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The Hall-Wightman Theorem in
Relativistic Quantum Field Theory

The Hall-Wightman Theorem in Quantum Field Theory is a seemingly trivial result that has profound consequences and provides the basis for a rigorous proof of the Spin-Statistics Theorem and consequently the PCT Theorem. Previous attempts to prove the Spin-Statistics Theorem assumed the PCT Theorem or some truncated version of it.

The development of the Hall-Wightman Theorem started with the thesis of D. Hall at Princeton University in 1956. Arthur Strong Wightman then wrote an article entitled "Quantum Field Theory in Terms of Vacuum Expectation Values." He then co-authored with D. Hall in 1958 an article entiitled "A Theorem on Invariant Analytical Functions with Applications to Relativistic Quantum Field Theory," in the Danish journal Matematisk-fysiske Meddelelser udgivet af Det Kongelige Danske Videnskabernes Selskab (Mathematical and Physical Studies published by the Royal Danish Academy of Sciences). This contains what later became known as the Hall-Wightman Theorem.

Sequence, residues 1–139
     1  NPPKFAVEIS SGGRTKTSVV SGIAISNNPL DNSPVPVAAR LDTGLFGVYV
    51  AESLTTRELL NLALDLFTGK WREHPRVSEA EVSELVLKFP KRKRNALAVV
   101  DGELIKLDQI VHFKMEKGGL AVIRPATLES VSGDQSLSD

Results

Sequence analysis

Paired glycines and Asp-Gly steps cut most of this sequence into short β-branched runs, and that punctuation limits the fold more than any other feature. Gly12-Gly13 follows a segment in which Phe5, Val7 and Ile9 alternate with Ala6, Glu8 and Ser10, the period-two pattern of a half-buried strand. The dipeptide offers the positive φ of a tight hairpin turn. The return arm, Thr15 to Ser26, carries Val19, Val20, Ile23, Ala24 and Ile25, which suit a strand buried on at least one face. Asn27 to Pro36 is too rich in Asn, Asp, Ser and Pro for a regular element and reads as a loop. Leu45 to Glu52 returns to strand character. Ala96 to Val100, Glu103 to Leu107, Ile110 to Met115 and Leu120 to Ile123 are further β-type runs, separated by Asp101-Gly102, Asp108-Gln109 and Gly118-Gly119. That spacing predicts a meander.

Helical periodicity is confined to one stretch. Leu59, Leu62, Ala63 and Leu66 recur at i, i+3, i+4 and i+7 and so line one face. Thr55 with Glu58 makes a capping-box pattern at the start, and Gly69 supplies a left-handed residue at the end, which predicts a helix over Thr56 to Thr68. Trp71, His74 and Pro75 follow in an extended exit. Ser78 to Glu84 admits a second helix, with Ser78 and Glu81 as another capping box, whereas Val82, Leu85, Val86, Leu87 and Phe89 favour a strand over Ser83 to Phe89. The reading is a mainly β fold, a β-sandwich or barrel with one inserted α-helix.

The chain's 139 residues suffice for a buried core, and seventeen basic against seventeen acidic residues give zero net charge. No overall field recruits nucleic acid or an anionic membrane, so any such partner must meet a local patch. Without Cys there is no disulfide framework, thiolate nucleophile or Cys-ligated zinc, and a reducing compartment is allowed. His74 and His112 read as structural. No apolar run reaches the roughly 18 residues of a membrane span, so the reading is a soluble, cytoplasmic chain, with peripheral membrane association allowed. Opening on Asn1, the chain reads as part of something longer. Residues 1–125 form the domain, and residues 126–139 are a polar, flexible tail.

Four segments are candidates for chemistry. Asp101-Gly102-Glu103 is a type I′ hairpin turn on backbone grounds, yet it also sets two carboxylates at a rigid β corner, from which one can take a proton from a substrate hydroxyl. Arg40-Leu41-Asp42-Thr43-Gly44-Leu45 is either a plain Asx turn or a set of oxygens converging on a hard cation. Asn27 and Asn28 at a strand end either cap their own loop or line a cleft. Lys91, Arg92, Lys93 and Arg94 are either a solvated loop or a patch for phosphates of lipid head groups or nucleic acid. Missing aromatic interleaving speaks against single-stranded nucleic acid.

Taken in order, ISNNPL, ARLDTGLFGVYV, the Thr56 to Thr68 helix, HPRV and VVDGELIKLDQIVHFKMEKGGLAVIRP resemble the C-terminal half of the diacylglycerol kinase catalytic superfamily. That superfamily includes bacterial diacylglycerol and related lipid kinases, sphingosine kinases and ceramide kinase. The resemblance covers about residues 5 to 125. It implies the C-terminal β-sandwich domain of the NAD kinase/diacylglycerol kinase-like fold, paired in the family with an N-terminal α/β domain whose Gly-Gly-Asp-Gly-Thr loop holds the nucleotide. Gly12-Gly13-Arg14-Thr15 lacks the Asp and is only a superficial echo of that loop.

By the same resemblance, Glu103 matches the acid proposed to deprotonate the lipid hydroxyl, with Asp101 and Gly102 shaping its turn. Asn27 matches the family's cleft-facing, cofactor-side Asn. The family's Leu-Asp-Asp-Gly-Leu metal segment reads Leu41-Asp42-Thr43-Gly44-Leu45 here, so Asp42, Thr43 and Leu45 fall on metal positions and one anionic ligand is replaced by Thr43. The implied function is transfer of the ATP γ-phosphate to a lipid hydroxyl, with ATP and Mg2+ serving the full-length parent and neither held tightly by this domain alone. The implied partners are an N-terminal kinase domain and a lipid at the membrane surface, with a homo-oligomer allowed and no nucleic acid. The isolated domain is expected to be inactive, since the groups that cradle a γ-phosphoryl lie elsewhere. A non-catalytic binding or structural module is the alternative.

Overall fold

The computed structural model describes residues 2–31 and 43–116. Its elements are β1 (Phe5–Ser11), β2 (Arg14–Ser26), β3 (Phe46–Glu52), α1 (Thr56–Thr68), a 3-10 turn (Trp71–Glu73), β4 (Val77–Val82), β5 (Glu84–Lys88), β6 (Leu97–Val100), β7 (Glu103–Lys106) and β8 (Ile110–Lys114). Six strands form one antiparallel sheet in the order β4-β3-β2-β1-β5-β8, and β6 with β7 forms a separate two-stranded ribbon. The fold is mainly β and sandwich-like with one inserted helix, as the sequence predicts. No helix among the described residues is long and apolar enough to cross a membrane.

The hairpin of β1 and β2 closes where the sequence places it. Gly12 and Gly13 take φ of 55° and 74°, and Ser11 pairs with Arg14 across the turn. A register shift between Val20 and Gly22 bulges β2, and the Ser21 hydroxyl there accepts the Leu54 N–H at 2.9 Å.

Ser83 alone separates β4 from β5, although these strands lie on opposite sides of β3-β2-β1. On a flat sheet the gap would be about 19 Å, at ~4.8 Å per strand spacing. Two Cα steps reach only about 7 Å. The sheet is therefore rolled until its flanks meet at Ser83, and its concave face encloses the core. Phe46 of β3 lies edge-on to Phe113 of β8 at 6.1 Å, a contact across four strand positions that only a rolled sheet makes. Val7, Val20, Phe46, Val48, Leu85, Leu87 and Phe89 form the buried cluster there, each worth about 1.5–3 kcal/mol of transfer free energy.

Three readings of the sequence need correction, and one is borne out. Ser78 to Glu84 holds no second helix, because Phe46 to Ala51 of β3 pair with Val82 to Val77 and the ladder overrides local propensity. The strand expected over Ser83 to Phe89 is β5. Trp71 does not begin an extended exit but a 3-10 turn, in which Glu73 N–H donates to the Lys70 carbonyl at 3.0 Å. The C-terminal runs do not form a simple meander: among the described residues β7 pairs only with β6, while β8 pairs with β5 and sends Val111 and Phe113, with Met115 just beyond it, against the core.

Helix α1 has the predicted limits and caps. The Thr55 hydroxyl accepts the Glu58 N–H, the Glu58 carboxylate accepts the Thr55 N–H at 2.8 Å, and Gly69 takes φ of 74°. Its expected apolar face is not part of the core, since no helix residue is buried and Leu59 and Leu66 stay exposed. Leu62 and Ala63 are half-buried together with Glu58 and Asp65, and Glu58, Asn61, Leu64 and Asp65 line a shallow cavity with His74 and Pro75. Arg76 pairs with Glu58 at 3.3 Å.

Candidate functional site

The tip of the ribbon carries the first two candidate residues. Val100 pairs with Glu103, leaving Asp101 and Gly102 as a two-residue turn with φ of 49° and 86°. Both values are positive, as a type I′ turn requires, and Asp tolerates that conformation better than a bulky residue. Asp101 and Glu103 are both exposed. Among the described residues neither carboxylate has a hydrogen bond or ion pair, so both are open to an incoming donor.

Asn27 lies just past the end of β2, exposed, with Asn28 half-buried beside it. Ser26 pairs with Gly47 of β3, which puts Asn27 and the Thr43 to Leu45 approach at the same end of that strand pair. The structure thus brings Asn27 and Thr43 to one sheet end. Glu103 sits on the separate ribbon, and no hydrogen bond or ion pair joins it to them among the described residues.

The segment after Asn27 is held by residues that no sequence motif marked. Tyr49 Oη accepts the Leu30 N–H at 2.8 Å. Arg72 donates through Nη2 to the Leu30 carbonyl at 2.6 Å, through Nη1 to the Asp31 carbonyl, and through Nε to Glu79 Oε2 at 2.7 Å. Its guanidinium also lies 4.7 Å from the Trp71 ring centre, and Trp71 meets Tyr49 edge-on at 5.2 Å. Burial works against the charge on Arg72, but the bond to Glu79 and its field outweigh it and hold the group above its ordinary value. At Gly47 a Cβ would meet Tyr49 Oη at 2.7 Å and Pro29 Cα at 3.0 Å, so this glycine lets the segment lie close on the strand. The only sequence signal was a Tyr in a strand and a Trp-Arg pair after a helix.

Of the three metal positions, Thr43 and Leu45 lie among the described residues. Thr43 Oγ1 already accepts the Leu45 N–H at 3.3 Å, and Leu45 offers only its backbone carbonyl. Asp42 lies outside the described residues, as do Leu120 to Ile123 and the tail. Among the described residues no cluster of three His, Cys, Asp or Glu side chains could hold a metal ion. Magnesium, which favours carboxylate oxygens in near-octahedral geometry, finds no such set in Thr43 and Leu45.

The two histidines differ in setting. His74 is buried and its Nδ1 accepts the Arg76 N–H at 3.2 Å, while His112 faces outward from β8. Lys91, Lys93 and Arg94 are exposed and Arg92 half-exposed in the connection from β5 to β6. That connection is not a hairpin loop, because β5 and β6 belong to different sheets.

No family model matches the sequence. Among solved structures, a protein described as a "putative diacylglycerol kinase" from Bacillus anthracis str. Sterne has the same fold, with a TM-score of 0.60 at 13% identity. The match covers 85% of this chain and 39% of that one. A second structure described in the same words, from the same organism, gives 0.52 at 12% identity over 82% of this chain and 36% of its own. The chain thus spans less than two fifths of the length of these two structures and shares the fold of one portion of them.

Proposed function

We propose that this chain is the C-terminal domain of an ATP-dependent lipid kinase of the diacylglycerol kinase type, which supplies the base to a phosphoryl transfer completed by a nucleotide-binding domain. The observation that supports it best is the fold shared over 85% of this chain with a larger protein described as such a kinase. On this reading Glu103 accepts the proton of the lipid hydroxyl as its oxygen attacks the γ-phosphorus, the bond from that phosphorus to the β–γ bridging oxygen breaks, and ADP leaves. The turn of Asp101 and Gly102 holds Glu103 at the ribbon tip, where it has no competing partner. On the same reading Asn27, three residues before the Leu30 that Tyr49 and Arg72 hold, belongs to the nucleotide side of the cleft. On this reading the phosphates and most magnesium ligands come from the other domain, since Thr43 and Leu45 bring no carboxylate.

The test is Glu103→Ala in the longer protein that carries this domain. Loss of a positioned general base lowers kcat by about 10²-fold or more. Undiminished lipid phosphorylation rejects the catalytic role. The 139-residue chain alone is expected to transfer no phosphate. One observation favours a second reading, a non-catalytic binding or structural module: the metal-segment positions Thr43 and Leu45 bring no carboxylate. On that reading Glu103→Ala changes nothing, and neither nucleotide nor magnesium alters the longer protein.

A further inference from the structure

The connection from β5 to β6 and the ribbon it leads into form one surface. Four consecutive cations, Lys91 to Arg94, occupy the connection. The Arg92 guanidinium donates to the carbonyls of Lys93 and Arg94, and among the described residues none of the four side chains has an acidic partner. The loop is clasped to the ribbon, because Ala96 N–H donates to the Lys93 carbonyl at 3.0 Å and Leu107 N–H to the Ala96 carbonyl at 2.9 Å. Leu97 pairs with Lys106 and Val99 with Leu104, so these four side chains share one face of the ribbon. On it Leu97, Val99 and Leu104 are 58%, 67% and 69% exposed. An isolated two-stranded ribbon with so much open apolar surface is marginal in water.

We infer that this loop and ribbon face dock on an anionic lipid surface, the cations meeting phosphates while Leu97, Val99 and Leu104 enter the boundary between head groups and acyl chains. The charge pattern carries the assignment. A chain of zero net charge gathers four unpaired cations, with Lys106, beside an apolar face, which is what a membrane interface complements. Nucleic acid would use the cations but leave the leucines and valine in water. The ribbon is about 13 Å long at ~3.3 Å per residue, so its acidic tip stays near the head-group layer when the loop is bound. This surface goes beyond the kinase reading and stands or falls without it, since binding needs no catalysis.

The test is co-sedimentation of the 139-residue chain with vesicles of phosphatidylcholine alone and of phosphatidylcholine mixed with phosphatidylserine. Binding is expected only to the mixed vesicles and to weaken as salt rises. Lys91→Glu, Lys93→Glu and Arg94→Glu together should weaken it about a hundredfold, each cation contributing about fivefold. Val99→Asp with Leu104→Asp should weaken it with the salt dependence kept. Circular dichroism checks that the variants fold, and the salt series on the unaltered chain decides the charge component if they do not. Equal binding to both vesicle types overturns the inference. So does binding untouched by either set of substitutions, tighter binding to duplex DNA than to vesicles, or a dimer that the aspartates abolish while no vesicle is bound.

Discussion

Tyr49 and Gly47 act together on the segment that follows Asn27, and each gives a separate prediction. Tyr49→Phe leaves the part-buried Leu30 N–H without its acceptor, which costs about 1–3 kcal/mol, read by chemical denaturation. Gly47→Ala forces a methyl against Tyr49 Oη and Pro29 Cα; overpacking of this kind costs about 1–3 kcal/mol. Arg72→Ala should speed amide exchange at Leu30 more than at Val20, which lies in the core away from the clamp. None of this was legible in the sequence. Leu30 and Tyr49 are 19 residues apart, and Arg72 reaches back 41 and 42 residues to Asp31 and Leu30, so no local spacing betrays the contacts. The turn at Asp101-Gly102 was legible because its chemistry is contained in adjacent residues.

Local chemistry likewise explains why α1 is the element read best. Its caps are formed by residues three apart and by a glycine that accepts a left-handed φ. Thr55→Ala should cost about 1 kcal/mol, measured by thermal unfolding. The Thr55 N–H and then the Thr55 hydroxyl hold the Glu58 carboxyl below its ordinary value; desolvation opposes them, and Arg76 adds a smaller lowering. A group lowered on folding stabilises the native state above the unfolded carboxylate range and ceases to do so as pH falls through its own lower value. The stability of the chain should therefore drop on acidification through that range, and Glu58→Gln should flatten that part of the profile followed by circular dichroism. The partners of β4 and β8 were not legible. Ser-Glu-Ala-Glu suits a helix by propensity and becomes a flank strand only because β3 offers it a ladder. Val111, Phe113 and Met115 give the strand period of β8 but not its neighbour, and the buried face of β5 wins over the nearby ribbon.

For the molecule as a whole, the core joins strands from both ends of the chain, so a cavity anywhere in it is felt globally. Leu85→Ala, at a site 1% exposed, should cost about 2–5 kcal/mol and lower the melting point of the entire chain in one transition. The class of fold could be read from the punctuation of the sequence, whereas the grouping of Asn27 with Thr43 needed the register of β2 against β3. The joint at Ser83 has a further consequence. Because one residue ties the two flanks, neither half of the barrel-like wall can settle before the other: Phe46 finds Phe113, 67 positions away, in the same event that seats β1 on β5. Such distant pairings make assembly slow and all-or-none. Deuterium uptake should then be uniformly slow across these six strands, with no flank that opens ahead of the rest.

Hall-Wightman Theorem states that

The vacuum expected value of the product of two fields at two points is analystically continuable to separation distances of the two points including zero.

In symbols, if x and y are the two points in 3D space or 4D spacetime of the field φ(z) and the vacuum state in Dirac notation is |0>: then

<0|φ(x)φ(y)|0> = F(2)(x−y)

where F(2)(z) is Hall and Wightman's notation for a function with two arguments.

(To be continued.)

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